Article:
After a group brainstorming session, how do you decide which ideas to pursue? Dot voting is a popular technique. Here is way to use this idea evaluation technique for the best results.

You’ve been in an ideation session for half a day and the walls of the room are covered with sticky notes. Hundreds of ideas cling precariously to the wall. You know that most of them are just fodder, but within this chaos there are undoubtedly some gems. How to make a decision? One of the easiest and most acceptable ways is dot-voting … but there’s one step that most people miss.

Step 1: Turn your back on the ideas and take a clean piece of easel paper.

Step 2: Brainstorm the criteria for evaluating an idea or solution. You might say, “A good idea or solution would have the following characteristics ….” Perhaps there’s a budget constraint, or a time deadline, or it has to use specific materials, or it has to appeal to a certain person or group of customers, or it has to be no bigger than a deck of cards, or … well, you get the idea.

Step 3: Once you have the list of criteria (which probably won’t be more than 10-15 items), try to get a consensus on the priority of the criteria. If this is too difficult, you may need to dot vote the criteria so follow the process in the next step.

Step 4: Now that everyone has the decision criteria in mind, have them use a colored marker that will show up easily and give them 3-5 votes. People mark their votes by making a visible dot on the idea of their choice.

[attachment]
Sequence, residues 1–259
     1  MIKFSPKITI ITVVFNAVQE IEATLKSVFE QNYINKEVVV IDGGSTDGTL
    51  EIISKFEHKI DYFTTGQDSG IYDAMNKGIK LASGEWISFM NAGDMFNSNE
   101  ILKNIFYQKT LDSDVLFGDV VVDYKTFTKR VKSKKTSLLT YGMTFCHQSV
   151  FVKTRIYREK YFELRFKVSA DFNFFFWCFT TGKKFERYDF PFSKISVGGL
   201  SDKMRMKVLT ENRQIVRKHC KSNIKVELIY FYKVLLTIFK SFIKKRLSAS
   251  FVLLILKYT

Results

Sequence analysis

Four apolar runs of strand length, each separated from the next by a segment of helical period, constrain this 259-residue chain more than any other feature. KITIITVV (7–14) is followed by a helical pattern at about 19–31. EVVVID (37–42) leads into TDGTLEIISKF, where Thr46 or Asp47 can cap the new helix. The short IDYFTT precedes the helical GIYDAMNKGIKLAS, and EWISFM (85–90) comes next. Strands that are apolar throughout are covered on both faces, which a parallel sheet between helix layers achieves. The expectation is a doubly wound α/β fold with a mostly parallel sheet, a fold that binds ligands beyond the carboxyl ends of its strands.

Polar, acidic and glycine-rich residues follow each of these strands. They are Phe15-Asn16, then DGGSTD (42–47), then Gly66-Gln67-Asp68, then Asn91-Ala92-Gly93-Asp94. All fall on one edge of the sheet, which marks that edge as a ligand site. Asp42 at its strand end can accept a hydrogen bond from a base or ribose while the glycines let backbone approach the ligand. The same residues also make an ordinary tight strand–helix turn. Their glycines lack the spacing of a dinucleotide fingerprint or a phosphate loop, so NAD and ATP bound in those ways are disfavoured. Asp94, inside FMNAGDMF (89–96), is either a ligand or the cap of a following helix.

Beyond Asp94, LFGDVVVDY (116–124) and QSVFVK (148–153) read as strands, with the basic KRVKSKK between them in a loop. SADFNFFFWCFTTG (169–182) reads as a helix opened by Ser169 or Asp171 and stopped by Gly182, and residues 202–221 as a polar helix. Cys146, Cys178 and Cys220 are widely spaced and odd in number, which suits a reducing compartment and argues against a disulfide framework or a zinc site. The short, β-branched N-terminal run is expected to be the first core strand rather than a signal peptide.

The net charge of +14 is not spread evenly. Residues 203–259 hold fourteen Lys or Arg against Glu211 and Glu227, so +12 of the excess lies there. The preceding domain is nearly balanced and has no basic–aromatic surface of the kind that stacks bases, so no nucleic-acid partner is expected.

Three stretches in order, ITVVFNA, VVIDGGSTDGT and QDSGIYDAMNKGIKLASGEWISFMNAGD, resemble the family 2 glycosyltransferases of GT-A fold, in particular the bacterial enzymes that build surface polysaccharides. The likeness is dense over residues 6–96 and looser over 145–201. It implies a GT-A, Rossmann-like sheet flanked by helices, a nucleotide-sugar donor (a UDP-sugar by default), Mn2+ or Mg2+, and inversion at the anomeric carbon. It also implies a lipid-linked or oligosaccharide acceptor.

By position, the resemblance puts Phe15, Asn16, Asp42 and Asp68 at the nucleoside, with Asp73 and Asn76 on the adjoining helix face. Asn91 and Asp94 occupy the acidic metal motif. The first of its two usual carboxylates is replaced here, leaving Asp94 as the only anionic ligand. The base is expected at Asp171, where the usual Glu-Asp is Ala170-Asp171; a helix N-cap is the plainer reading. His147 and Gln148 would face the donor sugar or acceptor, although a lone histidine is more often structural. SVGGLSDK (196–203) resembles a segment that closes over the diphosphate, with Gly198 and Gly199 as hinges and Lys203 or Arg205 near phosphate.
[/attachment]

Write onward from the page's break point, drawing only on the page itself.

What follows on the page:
Step 5: Rearrange the ideas so that the ideas with the dots are grouped together, ranked from most dots to least.

Step 6: Talk about the ideas that received the most votes and see if there is a general level of comfort with taking one or more of those ideas to the next step.

Step 7: Before ending, have everyone go through the undotted ideas one more time to see if there are any “orphans” there that someone thinks should be given a home somewhere.

Step 8: Decide on next steps and throw away the mountain of stickies.

Joyce Wycoff is a co-founder of the InnovationNetwork, an organization focused on helping organizations develop a core competency of innovation. She has a broad background in management and marketing and a deep understanding organizational innovation. Joyce is the author of several books on innovation and creativity, including Mindmapping, Transformation Thinking, and To Do … Doing … Done!